'Addicted to books' blogger Tracy had this to say about Quantum:
'This book is a gem, a history of quantum mechanics, not just about Einstein and Bohr, but about those other giants of physics and their discoveries - Planck's original accidental discovery of the quantum, Rutherford's discovery of the atomic nucleus, de Broglie's wave-particle duality, Pauli's exclusion principle, Heisenberg's uncertaintly principle, and Schrödinger's wave equation (and infamous cat). More than this, Kumar's book brings those Nobel prize-winning scientists to life - Heisenberg's rivalry with Schrödinger, Pauli, the sharp-witted Austrian who rarely surfaced before noon, de Broglie, both a German prince and a French duke and the quiet Englishman Dirac, bullied by his overbearing father.
Having brought you up to speed on the nature of quantum mechanics, lucidly explaining both the experimental evidence and the thought experiments beloved of Einstein, the author then hits you with the real argument, the interpretation of quantum mechanics: What does it really mean? What is the nature of reality? In the 'observer-independent reality, quantum theory is incomplete ' corner was Einstein, whereas Bohr and the majority of quantum physicists at the time were very much in the 'probablistic, observer-dependent reality' corner - Einstein's famous argument that 'God does not play dice with the Universe' countered by Bohr's response of 'But still, it cannot be for us to tell God, how he is to run the world.' And still the debate continues.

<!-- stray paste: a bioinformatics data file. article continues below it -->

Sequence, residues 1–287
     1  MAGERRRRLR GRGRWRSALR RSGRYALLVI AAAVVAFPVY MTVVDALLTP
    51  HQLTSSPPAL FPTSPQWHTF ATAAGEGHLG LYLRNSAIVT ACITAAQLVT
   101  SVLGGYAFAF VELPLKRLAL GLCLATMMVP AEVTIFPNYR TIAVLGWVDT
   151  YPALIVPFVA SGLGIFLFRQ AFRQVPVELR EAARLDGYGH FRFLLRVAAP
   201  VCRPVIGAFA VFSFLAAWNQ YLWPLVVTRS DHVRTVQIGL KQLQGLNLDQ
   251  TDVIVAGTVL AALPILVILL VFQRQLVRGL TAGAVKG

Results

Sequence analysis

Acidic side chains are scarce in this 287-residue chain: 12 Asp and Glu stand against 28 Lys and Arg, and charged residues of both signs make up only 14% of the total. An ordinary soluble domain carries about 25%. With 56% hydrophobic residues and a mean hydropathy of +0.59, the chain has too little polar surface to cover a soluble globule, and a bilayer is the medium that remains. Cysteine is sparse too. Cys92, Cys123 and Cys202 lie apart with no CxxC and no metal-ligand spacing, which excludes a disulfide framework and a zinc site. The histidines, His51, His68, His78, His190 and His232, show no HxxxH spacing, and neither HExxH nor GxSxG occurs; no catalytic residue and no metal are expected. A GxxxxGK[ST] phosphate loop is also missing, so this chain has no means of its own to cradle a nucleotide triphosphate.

Manjit Kumar's book explains the science and the arguments beautifully-clearly and fairly. Highly recommended to anyone who likes science history and essential reading for anyone who is studying any kind of science. The kind of book that really does make you feel slightly more intelligent after you've read it, for a few weeks, anyway, until you forget Pauli's exclusion principle (no two electrons in an atom can occupy the same quantum state), de Broglie's equation linking wavelength and momentum gradually fades, Planck's constant, h, draws a blank and all you're left remembering is Schrödinger's cat, his famous thought experiment about a cat in a box, whose fate is determined by random radioactive decay of an atom.'
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